So what kind of image does that reflect upon the new guys coming in? The guys who are getting the latest training and information? That they should forget everything they were taught because this is how "we always done it" even if a new way may be better and safer? Then again, how is someone supposed to help contribute that info to those "stuck in their ways" when they are told that the new guy should be seen and not heard?
To me, the best way to bring back that "old school respect" is to understand both the past and present and to set the example. Instead of complaining about a new way of doing a report, try learning it and encourage others to do so before complaining. When there is a new guy, actions speak louder than words. Set the example by being active in trainings, checking equipment, etc. It shows that the stuff told to probies coming in goes on throughout the career. I have seen it where guys would come in, may put their gear by the rig and go to the coffee table, while telling the probie they need to check their equipment. How long will it be before that probie starts to fall into the same bad habits? Whereas if you come in and check the rig over everyday, despite if you know every detail of it, it shows that probie respect for the job. When you are an active participant in training, you show respect for the job. When you do your duties without whining and griping, you show respect for the job.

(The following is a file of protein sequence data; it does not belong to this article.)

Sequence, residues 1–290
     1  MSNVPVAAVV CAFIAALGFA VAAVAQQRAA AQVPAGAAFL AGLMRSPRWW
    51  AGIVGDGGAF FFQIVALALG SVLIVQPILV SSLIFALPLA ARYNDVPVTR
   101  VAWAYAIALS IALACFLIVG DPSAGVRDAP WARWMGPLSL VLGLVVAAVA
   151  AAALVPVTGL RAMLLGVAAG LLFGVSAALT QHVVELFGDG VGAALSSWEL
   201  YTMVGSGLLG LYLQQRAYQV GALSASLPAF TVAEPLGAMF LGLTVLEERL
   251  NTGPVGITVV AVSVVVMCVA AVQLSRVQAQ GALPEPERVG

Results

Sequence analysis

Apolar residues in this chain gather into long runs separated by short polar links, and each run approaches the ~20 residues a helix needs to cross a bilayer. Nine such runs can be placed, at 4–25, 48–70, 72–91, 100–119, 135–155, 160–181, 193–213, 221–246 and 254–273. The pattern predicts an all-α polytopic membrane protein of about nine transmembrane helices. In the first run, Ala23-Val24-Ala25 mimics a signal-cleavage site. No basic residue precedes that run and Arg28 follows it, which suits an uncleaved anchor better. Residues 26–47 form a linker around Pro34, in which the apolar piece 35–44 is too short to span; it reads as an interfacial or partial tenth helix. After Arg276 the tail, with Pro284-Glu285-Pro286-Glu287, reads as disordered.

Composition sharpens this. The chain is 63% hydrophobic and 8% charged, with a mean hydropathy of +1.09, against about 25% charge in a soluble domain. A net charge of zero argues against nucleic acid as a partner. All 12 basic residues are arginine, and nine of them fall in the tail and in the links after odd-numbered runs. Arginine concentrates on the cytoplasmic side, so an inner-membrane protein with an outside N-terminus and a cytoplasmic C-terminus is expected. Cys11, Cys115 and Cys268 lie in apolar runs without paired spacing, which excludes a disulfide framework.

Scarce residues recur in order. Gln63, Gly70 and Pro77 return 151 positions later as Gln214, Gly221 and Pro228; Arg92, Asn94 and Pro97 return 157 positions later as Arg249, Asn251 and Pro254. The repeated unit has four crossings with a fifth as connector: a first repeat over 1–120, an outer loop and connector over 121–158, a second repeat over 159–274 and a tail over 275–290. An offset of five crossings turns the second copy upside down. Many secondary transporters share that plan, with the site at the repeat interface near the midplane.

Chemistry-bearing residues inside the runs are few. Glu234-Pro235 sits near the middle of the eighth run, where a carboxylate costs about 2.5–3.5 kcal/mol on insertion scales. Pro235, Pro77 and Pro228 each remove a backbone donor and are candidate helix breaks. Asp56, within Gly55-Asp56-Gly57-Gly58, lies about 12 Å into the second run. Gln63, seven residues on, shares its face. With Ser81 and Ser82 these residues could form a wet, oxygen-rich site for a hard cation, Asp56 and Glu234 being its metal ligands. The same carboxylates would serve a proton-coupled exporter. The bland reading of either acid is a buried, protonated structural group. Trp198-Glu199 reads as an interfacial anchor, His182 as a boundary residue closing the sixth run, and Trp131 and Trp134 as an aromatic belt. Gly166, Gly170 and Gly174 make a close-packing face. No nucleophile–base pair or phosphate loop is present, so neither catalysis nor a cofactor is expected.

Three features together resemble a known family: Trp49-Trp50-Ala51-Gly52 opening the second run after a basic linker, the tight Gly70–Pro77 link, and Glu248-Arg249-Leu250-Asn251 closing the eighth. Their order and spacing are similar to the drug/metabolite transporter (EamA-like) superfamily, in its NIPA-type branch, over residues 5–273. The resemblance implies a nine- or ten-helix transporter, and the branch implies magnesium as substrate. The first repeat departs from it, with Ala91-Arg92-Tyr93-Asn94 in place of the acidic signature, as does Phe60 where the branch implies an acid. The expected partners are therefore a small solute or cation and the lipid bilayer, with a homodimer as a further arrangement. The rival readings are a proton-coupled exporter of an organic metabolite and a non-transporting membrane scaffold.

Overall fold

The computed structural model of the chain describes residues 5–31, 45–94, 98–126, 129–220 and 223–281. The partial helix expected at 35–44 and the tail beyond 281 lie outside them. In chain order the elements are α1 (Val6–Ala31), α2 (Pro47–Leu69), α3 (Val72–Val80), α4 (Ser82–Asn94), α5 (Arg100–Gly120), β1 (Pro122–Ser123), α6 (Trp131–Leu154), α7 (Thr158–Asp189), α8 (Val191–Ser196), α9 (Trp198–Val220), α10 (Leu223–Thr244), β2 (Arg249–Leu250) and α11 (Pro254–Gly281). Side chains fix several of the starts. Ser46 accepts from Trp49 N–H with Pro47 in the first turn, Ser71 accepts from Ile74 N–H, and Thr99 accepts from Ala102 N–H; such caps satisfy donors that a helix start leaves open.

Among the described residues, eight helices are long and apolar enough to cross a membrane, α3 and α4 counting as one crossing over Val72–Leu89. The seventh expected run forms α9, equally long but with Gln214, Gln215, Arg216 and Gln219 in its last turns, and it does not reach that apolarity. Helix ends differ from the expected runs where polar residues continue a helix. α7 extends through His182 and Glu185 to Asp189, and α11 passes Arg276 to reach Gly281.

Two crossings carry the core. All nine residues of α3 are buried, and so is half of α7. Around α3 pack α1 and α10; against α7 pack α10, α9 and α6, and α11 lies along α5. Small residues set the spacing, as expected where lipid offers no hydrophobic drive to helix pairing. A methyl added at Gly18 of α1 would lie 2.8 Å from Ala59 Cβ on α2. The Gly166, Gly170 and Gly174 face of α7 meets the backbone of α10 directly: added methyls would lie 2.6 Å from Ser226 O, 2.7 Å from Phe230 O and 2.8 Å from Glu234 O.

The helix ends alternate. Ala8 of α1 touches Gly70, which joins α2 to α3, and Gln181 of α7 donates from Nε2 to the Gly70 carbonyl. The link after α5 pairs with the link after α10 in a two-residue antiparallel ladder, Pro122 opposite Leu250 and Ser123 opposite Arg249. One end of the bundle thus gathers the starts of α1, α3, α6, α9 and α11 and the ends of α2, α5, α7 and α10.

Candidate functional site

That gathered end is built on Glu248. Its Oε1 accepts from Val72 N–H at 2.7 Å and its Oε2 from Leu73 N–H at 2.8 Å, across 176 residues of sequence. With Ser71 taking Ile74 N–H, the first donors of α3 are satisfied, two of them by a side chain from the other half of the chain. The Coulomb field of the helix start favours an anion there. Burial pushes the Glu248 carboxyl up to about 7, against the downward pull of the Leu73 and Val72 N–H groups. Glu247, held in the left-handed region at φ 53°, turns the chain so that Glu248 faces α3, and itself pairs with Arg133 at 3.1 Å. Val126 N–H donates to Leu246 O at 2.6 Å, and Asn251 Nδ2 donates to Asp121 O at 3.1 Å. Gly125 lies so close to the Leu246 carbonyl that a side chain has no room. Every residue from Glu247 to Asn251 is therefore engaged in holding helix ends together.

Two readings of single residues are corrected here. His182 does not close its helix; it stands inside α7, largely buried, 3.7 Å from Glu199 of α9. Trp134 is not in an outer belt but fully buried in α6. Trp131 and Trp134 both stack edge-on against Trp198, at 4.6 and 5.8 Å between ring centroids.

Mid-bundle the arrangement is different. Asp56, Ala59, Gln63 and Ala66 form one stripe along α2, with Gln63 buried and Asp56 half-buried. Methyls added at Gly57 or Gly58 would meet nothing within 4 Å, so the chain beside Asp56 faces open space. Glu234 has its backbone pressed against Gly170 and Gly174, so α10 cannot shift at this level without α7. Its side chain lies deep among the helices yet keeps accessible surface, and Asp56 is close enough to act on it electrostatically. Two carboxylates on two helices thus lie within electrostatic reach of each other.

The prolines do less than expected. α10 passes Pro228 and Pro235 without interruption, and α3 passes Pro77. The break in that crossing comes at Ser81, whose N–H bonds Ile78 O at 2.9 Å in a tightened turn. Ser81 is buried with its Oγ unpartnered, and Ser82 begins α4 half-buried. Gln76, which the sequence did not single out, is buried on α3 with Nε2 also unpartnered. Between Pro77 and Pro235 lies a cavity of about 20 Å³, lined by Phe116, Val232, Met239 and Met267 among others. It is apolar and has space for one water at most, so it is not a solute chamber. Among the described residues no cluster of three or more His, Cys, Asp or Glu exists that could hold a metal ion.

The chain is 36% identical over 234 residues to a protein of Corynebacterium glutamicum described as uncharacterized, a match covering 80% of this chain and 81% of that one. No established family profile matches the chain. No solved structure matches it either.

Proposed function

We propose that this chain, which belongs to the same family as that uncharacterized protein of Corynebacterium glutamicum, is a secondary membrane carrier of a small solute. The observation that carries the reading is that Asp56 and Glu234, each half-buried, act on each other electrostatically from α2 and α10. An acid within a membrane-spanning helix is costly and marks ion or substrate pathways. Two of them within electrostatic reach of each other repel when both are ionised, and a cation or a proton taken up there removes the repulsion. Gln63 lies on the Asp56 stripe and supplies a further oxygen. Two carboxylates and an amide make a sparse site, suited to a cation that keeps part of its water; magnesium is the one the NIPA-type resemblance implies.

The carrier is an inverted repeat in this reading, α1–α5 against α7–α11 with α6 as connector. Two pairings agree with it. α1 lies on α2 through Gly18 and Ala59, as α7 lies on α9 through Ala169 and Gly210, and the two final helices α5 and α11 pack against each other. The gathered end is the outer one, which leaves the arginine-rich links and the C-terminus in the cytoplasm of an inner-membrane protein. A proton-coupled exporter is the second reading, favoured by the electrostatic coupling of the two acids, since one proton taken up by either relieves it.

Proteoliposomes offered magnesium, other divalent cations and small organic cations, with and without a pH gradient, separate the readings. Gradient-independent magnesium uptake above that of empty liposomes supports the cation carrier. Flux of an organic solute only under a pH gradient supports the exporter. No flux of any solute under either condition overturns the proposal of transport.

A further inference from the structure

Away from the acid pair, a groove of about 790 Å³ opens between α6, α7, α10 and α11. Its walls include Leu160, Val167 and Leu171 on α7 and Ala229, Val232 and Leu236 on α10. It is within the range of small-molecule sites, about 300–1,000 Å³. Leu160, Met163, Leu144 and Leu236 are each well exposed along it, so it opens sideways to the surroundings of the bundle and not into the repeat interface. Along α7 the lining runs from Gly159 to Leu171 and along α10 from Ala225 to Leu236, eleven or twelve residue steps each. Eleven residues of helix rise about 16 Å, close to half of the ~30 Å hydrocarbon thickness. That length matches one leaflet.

Part of the "old school" thinking involves the politicians having the respect for the FD and what they do for the community.. In today's climate.. we are looked at as "expendable".. they cut companies and staffing and try to make us look like "the bad guys" because gasp! We actually take our vacations during the school out period like normal people do...